The Government has made significant progress in delivering better access to finance for small businesses but must develop a strategy for the next decade to ensure momentum is not lost, according to the CBI.
Thanks to a series of effectively-targeted and managed schemes, initiated by the Small Business Service, entrepreneurs now find it easier to raise money to start and grow businesses where previously it was unavailable, it claimed.
But while the SBS, the agency charged with improving the enterprise environment in the UK, deserved praise on this issue, the CBI said it was concerned that financial gaps were starting to emerge which "must be plugged to build on the achievements of the past few years".
It noted: "Many venture capital firms are seeking less risky investments in the current economic climate, and are also beginning to call in their stakes rather than seek further opportunities. Raising capital for innovation which does not provide a high rate of return, is increasingly a problem too."
In a report published today the employers' organisation says the Government must examine how business demand for finance over the coming years can be met and make a series of recommendations to achieve this. The CBI is also calling on the Treasury to straighten out a series of anomalies in tax incentives designed to encourage more finance for small companies.
It stated: "Giving companies tax relief on capital expenditure is a proven incentive for investment. However, firms are eligible for these allowances only when they become profitable. This does not support new and growing businesses who are investing for growth ahead of achieving profitability.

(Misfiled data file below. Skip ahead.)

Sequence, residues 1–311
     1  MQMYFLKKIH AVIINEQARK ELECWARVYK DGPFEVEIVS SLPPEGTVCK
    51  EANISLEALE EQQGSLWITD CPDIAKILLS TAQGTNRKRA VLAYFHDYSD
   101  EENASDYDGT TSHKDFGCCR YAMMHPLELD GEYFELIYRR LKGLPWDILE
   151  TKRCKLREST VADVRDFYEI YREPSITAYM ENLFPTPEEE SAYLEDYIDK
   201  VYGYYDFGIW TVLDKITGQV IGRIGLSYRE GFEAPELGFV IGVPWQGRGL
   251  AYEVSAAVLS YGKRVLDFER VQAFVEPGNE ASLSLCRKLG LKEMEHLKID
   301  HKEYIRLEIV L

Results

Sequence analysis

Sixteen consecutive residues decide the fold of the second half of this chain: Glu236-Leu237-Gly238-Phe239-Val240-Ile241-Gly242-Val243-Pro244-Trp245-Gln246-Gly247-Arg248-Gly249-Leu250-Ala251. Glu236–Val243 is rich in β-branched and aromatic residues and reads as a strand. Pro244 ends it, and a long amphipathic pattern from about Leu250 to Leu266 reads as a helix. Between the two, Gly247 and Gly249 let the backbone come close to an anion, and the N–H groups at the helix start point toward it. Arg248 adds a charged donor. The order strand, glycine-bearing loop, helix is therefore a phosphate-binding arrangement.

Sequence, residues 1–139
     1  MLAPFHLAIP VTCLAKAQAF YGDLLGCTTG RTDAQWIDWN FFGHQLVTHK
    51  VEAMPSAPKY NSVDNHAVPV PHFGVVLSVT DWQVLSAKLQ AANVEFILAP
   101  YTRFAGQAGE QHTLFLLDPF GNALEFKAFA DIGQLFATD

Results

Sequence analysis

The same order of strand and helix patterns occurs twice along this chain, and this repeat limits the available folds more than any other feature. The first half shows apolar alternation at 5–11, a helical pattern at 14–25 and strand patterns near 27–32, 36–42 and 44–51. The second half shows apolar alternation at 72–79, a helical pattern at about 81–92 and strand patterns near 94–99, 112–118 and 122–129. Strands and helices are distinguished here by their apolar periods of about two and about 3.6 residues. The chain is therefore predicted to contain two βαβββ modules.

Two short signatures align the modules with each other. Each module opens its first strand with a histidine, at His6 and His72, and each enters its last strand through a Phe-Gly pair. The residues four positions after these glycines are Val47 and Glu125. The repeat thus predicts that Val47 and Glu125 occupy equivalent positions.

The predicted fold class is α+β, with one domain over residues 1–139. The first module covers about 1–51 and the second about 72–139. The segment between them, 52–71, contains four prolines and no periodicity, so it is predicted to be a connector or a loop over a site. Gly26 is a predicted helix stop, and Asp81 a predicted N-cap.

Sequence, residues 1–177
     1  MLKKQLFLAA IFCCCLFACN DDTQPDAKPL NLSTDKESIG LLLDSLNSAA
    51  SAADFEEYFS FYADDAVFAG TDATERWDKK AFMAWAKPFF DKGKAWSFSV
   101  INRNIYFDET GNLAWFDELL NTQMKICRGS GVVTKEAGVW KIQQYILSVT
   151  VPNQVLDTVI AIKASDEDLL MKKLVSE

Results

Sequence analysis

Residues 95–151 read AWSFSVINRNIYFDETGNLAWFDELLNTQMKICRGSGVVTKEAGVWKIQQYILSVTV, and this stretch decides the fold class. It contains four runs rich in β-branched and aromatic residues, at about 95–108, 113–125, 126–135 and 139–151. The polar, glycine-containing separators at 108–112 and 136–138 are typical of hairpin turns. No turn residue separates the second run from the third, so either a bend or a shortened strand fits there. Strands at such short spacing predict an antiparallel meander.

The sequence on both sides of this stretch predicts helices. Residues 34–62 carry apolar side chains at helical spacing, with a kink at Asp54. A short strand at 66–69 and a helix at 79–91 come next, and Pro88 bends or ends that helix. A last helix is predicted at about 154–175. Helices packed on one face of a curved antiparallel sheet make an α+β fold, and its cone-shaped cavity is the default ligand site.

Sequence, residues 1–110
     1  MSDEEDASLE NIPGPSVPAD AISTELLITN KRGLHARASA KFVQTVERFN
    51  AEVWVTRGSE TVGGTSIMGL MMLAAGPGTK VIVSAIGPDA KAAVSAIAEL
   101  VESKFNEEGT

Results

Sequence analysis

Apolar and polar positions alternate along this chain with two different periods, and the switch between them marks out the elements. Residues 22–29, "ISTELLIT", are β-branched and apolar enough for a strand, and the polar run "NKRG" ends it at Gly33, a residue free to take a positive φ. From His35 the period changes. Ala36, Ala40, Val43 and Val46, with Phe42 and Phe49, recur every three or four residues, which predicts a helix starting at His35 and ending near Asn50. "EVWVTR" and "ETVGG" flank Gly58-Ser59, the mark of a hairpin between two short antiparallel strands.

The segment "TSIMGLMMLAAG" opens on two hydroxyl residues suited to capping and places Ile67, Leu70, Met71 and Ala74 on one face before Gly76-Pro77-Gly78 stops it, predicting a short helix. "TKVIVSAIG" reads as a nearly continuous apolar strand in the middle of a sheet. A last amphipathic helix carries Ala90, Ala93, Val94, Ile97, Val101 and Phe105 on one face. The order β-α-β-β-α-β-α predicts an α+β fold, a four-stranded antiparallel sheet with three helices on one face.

"The Treasury should demonstrate its commitment to enterprise by making capital allowances available to these firms too.
"Tackling this anomaly and other measures, for example making the incidental costs of raising money through issuing equity subject to corporation tax relief, would stimulate more investment, particularly for research and development, and business growth.
John Cridland, CBI deputy director-general, said: "The Small Business Service has struggled in many policy areas but has at least succeeded in delivering better access to finance for new and growing companies.
"It has listened to business and provided opportunities where the private sector has not been able to. It has not been afraid to adopt successful private sector methodology and has been rewarded."